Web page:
AUSTRALIA exported 1,061,321 tonnes of feed barley, 21,979t of malting barley and 47,791t of sorghum in December, according to the latest export data from the Australian Bureau of Statistics.
The feed barley figure is more than double the amount shipped in November, with Saudi Arabia the biggest customer by far on 534,716t, followed by Japan on 178,339t and Iran on 64,305t.
Malting shipments fell 89pc from the November total to reflect the rundown of stocks ahead of new crop, and South Africa on 15,000t followed by Singapore on 4883t, The Philippines on 1660t and Vietnam on 436t were the only customers for December-shipped malting.
Sorghum exports also tumbled to 47,791t in December, down 55pc from the November figure of 106,769t to reflect a rundown on stocks.
Buoyant demand from China, the destination for 45,708t, covered 96pc of shipments for December.
Flexi Grain pool manager Sam Roache said December’s feed barley shipments have bounced after relatively October and November shipments out of South Australia and Victoria.
“Stocks were drawn down to a minimum and the situation was compounded by the later harvest, especially in Vic,” Mr Roache said.
“December shows an excellent rebound in SA, with Dec shipments seven times that of October and November.
“Western Australia continued to underpin the program, with some solid growth in exports as new-crop stocks added to the program where carryout was being shipped.
Shipments of malting barley were very low in December.
“This drop can be attributed to the quality worries around malting barley production, with the trade and grower unwilling to sell forward malt when December business was being sold.
“The market was eventually caught off guard by a far higher-than-expected malt selection across SA and the east coast, which was obvious in the price action.
“This higher selection corresponds with very good demand and should see malting barley shipments rebound considerably in the February forward period.
“Malting barley is well sold out on the curve, with sales on the books into the second half of 2023.”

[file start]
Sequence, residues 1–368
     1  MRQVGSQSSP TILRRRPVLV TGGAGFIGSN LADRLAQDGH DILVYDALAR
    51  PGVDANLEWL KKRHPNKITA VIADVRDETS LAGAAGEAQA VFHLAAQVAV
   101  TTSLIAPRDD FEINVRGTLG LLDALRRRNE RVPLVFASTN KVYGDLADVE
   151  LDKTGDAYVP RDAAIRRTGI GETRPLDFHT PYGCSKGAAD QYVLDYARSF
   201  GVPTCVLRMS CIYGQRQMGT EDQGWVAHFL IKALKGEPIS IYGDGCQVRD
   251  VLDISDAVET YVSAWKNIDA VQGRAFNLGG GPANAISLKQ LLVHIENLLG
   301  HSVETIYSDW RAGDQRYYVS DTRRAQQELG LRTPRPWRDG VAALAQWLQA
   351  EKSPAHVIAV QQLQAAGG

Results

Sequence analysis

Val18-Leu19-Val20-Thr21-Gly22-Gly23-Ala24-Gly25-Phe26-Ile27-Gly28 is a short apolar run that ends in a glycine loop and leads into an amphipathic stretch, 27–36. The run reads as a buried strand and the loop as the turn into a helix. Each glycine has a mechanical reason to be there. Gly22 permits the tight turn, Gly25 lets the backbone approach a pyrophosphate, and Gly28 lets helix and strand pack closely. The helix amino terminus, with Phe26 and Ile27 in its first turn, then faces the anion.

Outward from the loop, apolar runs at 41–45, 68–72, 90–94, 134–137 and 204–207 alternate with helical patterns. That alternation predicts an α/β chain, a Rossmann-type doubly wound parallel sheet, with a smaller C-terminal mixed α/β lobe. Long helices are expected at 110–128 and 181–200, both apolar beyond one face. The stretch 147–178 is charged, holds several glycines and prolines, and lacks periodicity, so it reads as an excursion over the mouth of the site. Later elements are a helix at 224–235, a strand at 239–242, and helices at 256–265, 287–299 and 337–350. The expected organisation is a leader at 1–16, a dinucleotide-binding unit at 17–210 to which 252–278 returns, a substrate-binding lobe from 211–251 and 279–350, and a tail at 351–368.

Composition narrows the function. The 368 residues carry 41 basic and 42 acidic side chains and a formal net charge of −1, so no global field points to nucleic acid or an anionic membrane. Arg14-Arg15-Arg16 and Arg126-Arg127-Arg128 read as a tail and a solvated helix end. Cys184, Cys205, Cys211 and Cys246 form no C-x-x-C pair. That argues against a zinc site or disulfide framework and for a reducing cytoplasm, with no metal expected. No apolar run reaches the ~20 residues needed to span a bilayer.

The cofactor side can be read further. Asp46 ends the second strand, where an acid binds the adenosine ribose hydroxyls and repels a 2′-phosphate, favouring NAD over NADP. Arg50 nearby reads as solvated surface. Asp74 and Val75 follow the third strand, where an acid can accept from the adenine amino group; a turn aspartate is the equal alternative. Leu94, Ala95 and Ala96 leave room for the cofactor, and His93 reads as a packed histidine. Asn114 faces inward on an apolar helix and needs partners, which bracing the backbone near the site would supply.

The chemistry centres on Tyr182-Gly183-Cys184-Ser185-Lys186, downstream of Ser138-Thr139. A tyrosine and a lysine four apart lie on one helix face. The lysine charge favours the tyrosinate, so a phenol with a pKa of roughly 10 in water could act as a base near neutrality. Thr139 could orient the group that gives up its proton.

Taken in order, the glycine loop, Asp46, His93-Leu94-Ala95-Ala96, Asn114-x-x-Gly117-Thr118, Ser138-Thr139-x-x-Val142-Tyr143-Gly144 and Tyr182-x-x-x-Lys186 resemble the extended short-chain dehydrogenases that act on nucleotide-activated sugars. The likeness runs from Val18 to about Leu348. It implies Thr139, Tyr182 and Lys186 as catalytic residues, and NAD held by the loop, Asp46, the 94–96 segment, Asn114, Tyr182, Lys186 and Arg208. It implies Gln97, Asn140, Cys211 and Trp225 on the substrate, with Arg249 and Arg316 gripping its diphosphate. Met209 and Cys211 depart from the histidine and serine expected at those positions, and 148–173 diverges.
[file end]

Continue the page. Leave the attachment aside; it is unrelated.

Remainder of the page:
Mr Roache said Saudi demand for feed barley continues to be fairly poor, with most expecting an unchanged total demand from the Middle East year on year.
“We are seeing some extra demand over recent times into Asia, but not enough to make up the Saudi shortfall versus a normal year.”
Positive signs from China
Hopes continue to be sparked that Australia can resume its exports of barley to China in the not-too-distant future.
“We have a record crop in the bin and the rallying market is starting to rely on the return of China demand more and more, which is understandable with the trade relations looking better over the past weeks.
“The China-access question will largely define where barley values go from here, with a simple calculation pointing to an approximately $50/t premium to current values on the table if we can sell the current China market prices.”
On sorghum, Mr Roache said wheat had crowded out stem space for what little current-crop sorghum remains available to ship.
“China is essentially buying it all, and with improving trade relations, this looks likely to continue longer term.
“China is also buying significant wheat ex Australia and will likely continue to be our largest wheat export home for this season.”
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Table 1: Australian exports of feed barley for October, November and December 2022. Source: ABS
Table 2: Australian exports of malting barley for October, November and December 2022. Source: ABS
Table 3: Australian exports of sorghum for October, November and December 2022. Source: ABS
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